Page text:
From literary masters to the Queen of suspense, there is something for everyone this spring. Two pieces of nonfiction explore life (birth stories) and death (the aftermath of the Rwandan genocide). Which book from this list are you excited to explore?
'Frog Music' by Emma Donoghue - April 1
Emma Donoghue, best known for Room
, has written a literary crime novel in Frog Music. Frog Music explores a real life unsolved murder from the 1860s in California. The woman murdered wore pants and hunted frogs. The book is told from the perspective of her burlesque dancer friend who was with Jenny the night she was murdered and is determined to find the killer. Frog Music is a page turning mystery, but is also full of well researched historical details.
'I've Got You Under My Skin' by Mary Higgins Clark - April 1
Simon & Schuster
Mary Higgins Clark needs no introduction. Her psychological suspense novels have entertained and terrified a generation of readers. In her latest, I've Got You Under My Skin, a New York City ER doctor is murdered in front of his son on a playground. Five years later, the killer still has not been caught and his widow is a TV producer who has just been given the OK to produce a show on cold cases. Each episode will bring together survivors of crimes to reenact and reexamine what happened. What happens, though, if one of the players is guilty?
'Love & Treasure' by Ayelet Waldman - April 1
April is Holocaust Remembrance Month. If you want a novel to mark the month that is a different kind of story, try Ayelet Waldman's Love & Treasure. Love & Treasure is the story of the Hungarian Gold Train of 1945, which was filled with loot from World War II, much of which was taken by American soldiers. Years later, an American soldier gives his granddaughter a piece of jewelry that leads to a world of shady art dealers, stories of people who lost everything in the war, and revelations about her grandfather's guilt.
'Worst. Person. Ever.' by Douglas Coupland - April 3
Blue Rider Press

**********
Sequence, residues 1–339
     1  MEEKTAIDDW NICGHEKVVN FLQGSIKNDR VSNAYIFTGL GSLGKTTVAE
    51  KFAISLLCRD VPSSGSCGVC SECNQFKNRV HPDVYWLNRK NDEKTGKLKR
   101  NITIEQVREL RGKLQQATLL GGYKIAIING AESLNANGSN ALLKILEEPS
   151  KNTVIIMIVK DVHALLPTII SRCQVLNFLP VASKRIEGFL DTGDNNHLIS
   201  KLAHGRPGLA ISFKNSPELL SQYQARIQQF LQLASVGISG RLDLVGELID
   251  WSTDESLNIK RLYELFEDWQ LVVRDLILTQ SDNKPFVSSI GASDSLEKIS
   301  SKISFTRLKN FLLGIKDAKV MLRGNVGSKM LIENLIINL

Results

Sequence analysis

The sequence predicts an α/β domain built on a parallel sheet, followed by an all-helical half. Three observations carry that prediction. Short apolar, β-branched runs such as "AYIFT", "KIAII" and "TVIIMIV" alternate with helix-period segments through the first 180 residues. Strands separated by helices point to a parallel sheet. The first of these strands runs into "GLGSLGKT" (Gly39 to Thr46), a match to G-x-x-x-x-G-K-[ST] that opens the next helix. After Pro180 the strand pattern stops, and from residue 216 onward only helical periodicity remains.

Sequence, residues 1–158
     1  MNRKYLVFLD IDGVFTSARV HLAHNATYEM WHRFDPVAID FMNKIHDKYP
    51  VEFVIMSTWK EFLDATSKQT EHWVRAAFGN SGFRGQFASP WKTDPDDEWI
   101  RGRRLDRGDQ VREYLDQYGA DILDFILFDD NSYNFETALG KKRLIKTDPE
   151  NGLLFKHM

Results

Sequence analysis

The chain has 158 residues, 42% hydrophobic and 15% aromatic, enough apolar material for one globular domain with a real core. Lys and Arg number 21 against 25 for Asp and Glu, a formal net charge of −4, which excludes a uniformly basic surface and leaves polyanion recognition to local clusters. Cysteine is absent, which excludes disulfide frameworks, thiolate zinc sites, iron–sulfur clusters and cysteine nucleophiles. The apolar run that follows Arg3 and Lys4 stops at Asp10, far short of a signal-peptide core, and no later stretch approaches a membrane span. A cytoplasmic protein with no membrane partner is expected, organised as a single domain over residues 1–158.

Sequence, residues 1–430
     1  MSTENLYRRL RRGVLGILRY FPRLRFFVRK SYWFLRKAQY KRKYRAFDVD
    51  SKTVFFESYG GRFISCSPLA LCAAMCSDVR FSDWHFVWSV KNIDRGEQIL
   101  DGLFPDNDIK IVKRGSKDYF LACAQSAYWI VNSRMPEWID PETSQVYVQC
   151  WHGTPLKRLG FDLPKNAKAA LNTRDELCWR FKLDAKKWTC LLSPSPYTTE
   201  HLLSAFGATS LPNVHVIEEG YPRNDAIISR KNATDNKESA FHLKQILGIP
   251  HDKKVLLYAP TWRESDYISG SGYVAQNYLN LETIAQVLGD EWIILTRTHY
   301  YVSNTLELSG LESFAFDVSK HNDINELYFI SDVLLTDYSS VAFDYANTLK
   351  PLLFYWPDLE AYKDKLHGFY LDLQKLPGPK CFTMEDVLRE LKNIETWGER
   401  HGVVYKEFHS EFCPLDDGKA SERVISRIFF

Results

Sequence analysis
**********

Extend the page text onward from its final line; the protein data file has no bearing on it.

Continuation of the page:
Douglas Coupland's protagonist, Neal, has no redeemable qualities. The plot, which involves launching a nuclear bomb over the Pacific ocean to clear plastic debris and a human apocalypse, is its own bundle of crazy. The novel, however, is one that reviewers are describing as laugh out loud funny.
'You Hide that you Hate Me and I Hide that I Know' - April 3
Philip Gourevitch's 1998 book, We Wish to Inform You That Tomorrow We Will Be Killed with Our Families, detailed the 1994 Rwandan genocide. On the twentieth anniversary of the genocide, Gourevitch has written an account of Rwanda since 1994. You Hide that you Hate Me and I Hide that I Know is a journalistic investigation, travelogue and narrative about how the country has rebuilt and the ongoing struggle in neighboring Congo.
'Can't and Won't' by Lydia Davis - April 8
Farrar, Straus and Giroux
Can't and Won't is the fifth collection of stories by Lydia Davis. The collection includes typical stories, but also poems, letters of complaint to fake companies and short prose. This is a literary selection that is receiving pre-publication buzz. Davis won the Man Booker Prize
in 2013 with one of her earlier collections.
'Labor Day: True Birth Stories by Today's Best Women Writers' - April 15
Farrar, Straus and Giroux
Labor Day: True Birth Stories by Today's Best Women Writers is a collection of essays from authors such as Julia Glass, Lauren Groff and Cheryl Strayed. Thirty women recount their labor stories. There are those determined to give birth naturally, those who love their epidurals, long births, short births, and even a birth in a car. The quality of the essays is mixed, but this is still a collection to keep in mind as a Mother's Day gift for young moms.